A Minimum Wage That Will Work

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Wall Street Journal
By: Robert G. Strayton
February 9, 2014

The president's call for a $10.10 minimum wage applies the worn-out notion that higher wages create more jobs. Despite repeated minimum-wage increases over the years, we have seen a continued flight to the sidelines by people who are unable to find jobs because they don't exist. Many jobs don't exist because employers refuse to hire people at such wages. Isn't it obvious that, with a higher wage, McDonald's $1 menu, for example, would cost $3, few would buy it, and Mickey D would have less revenue and far fewer jobs?

As a volunteer interviewer of the poor at a religious charitable organization in southwest Florida, I have come to believe that the most effective step we can take to ameliorate poverty, kick-start job growth and invigorate hope in every social stratum is to experiment with a $5 minimum wage.

A $5 wage will put money and hope into the lives of our poor in immediate, powerful and enduring ways. For all its $4 trillion stimulus, mere nickels of quantitative-easing funding "trickled down" to where the poor reside. But a $5 minimum wage will "trickle up," directly from employer to employed--creating millions of jobs rapidly and putting them within reach of huge numbers of the poor.

Three enormous labor pools of can benefit immediately. The most dramatic change among the poor that our charity serves right now is in the demographic sector of hardworking lower-middle-class families who are being squeezed into poverty by ever-increasing food, housing, transport, medical, drug, insurance and other costs they are unable to pay. These include:

• Intact low-income families, where three or four persons have the capacity and desire to work, but only one has a job, often at a near-minimum wage that typically generates about $15,000 a year. A $5 wage that opens full- or part-time jobs for the remaining three can change that single survival income into a $30,000-plus income stream to help produce a life of reasonable comfort and dignity.

• Single-parent families, often headed by an educated young woman with one or two infants who supports a live-in partner on an entry-level job income. He cannot find a job and her hours are reduced: As wage-earner, mother and caregiver, she is in extreme stress and they are in crisis. A job-fostering program that helps the partner find work can bring immediate and potentially long-term relief to these folks.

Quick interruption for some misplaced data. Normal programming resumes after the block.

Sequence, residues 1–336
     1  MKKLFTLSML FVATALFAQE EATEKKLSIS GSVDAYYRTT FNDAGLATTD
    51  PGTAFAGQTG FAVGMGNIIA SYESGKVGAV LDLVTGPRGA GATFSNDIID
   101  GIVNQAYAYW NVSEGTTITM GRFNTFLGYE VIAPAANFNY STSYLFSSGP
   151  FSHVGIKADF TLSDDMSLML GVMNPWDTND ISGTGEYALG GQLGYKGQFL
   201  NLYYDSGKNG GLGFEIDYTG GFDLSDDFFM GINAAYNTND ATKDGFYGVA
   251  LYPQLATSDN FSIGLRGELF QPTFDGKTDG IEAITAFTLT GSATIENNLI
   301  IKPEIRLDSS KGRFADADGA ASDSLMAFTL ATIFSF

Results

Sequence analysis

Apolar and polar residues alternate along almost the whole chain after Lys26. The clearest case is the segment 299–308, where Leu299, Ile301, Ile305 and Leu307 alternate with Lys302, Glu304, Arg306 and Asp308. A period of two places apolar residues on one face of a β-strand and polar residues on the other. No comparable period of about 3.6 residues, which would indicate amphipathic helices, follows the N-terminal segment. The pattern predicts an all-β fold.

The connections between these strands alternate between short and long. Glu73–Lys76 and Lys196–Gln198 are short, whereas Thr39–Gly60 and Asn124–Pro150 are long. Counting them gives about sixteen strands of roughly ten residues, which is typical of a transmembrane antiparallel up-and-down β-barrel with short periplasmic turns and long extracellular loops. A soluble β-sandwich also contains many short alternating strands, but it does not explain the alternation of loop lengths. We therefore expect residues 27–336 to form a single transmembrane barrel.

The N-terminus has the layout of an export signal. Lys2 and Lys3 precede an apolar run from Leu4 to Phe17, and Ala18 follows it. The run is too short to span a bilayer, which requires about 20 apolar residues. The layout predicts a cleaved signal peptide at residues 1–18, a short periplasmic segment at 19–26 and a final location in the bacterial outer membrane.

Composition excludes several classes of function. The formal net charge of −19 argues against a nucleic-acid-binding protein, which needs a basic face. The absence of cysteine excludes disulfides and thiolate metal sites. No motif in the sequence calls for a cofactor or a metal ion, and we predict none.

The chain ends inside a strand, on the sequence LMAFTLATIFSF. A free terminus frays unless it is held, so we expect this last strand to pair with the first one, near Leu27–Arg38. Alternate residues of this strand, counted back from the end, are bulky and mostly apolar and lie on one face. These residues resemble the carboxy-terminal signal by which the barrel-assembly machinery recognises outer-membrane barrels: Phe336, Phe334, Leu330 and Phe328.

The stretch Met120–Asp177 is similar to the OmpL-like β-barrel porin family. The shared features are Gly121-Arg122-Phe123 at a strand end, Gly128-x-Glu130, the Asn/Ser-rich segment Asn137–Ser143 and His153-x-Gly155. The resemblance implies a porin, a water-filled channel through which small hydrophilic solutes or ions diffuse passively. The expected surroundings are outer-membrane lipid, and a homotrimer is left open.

• Teenagers, whose unemployment rates range from 15% to 45%, can obtain life-altering benefits from a $5 wage. Jobs will finally become available. The skill-set required for most will be minimal, encouraging them to apply and rejoice at being hired. They move out of corrosive stasis into workplace communities in which effort, cooperation and accomplishment are acknowledged and rewarded.

There are other poverty levels which can benefit from a $5 wage, but these three are important because they comprise motivated poor who wish to work now. The $5 program is a wage, not a benefit, that will appeal to them--the first responders if you will.

How would such a program operate? At the government level, with as little red-tape as possible, although government must protect current workers by guaranteeing they will not be subject to any wage lower than the one they now earn.

At the employer level, hiring $5-per-hour personnel must be balanced against the risk inherent in the often-inexperienced people such a wage attracts. As an incentive, the IRS can allow a 50% tax deduction on all wages paid at the $5 level during a test period. Facing workforce mobility issues (prospective employees without cars, bikes or gas money), employers can offer transportation, water, food and necessary material services for which they may also claim tax deductions. As for the workers, they will receive gross-equals-net fully spendable pay at the end of each work period.

You'd think no one can value making $5 an hour. But for those in poverty, a primal need is immediate and reliable access to an income of one's own. When one has nothing, anything becomes priceless. Watch the expression on the face of a poor person when you provide him or her with $2, $3 or $5 to put gas in a neighbor's borrowed car so he can bring free groceries, clothing, linens, housewares or furnishings from our organization back home. You'll see then the value of such a "trivial" wage.

When more Americans are able to take a first step into the workforce, some for the first time, we will also see tradesmen expanding, entrepreneurs taking more risk, better staffed social services, and a citizenry proud of the peace and dignity that many new working residents are able to achieve. With such peace and dignity, poverty ceases to exist.

http://online.wsj.com/news/articles/SB10001424052702303947904579341204119537852?mod=ITP_opinion_0

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This page contains a single entry by CFED published on February 10, 2014 8:13 PM.

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Income inequality: The other side of the gap is the next entry in this blog.

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